Reference > Quotations > Hoyt & Roberts, comps. > Hoyt’s New Cyclopedia of Practical Quotations
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Hoyt & Roberts, comps.  Hoyt’s New Cyclopedia of Practical Quotations.  1922.
 
Literature
 
Literature is the thought of thinking Souls.
        Carlyle—Essays. Memoirs of the Life of Scott.
  1
Literary Men are  *  *  *  a perpetual priesthood.
        Carlyle—Essays. State of German Literature.
  2
  I made a compact with myself that in my person literature should stand by itself, of itself, and for itself.
        Dickens. Speech at Liverpool Banquet, 1869.
  3
  But, indeed, we prefer books to pounds; and we love manuscripts better than florins; and we prefer small pamphlets to war horses.
        Isaac D’Israeli—Curiosities of Literature. Pamphlets.
  4
  Time the great destroyer of other men’s happiness, only enlarges the patrimony of literature to its possessor.
        Isaac D’Israeli—Literary Character of Men of Genius. Ch. XXII.
  5
  Literature is an avenue to glory, ever open for those ingenious men who are deprived of honours or of wealth.
        Isaac D’Israeli—Literary Character of Men of Genius. Ch. XXIV.
  6
Republic of letters.
        Henry Fielding—Tom Jones. Bk. XIV. Ch. I.
  7
  Our poetry in the eighteenth century was prose; our prose in the seventeenth, poetry.
        J. C. and A. W. Hare—Guesses at Truth.
  8
  The death of Dr. Hudson is a loss to the republick of letters.
        William King—Letter. Jan. 7, 1719. Same phrase occurs in the Spectator. Commonwealth of letters is used by Addison—Spectator. No. 529. Nov. 6, 1712.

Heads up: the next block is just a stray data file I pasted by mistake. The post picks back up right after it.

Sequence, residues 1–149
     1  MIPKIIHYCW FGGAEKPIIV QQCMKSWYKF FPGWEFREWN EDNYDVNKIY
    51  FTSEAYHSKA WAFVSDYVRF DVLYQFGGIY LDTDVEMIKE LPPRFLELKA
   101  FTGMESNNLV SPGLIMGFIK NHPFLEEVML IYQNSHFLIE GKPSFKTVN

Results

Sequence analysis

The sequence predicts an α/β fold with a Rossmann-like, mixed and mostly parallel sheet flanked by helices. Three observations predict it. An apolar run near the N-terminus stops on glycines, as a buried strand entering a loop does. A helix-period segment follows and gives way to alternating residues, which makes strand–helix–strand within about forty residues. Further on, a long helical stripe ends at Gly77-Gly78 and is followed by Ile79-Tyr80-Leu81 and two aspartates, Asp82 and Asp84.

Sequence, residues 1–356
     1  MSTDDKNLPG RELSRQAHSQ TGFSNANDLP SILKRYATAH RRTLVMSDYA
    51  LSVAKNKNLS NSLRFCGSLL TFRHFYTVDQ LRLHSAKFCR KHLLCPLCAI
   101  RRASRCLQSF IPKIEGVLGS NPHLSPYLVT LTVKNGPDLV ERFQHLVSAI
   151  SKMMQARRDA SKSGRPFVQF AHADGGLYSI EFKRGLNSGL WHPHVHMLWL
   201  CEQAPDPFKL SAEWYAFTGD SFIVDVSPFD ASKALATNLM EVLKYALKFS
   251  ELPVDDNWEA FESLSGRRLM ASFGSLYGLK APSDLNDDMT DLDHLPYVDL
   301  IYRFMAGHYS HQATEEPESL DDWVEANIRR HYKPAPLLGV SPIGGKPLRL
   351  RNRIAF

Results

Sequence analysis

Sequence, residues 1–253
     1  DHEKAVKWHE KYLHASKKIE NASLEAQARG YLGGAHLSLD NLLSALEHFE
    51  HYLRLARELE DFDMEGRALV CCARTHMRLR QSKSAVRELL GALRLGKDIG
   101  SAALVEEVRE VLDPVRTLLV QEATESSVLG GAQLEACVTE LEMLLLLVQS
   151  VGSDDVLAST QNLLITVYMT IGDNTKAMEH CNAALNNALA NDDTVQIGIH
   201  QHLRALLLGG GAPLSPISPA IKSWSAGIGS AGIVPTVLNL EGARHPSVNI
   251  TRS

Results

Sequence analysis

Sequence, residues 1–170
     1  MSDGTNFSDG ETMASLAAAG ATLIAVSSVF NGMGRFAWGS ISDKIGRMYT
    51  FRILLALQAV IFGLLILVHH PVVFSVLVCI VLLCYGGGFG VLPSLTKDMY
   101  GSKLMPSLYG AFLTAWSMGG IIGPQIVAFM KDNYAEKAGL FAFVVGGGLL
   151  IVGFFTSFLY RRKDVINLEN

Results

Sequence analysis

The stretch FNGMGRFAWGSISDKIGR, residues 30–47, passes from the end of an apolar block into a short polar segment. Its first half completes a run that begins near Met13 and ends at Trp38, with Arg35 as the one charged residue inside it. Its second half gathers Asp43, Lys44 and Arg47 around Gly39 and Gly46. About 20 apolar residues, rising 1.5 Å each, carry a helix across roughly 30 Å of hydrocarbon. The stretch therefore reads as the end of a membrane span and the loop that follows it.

9
  *  *  *  A man of the world amongst men of letters, a man of letters amongst men of the world.
        Macaulay—On Sir William Temple.
  10
La république des lettres.
  The republic of letters.
        Molière—Le Mariage forcé. Sc. 6. (1664).
  11
  There is first the literature of knowledge, and secondly, the literature of power. The function of the first is—to teach; the function of the second is—to move, the first is a rudder, the second an oar or a sail. The first speaks to the mere discursive understanding; the second speaks ultimately, it may happen, to the higher understanding or reason, but always through affections of pleasure and sympathy.
        Thomas De Quincey—Essays on the Poets. Alexander Pope.
  12
  La mode d’aimer Racine passera comme la mode du café.
  The fashion of liking Racine will pass away like that of coffee.
        Mme. de Sévigné—According to Voltaire, Letters, Jan. 29, 1690, who connected two remarks of hers to make the phrase; one from a letter March 16, 1679, the other, March 10, 1672. La Harpe reduced the mot to “Racine passera comme le café?”
  13
We cultivate literature on a little oat-meal.
        Sydney Smith—Lady Holland’s Memoir. Vol. I. P. 23.
  14
The great Cham of literature. [Samuel Johnson.]
        Smollett—Letter to Wilkes, March 16, 1759.
  15
 
 
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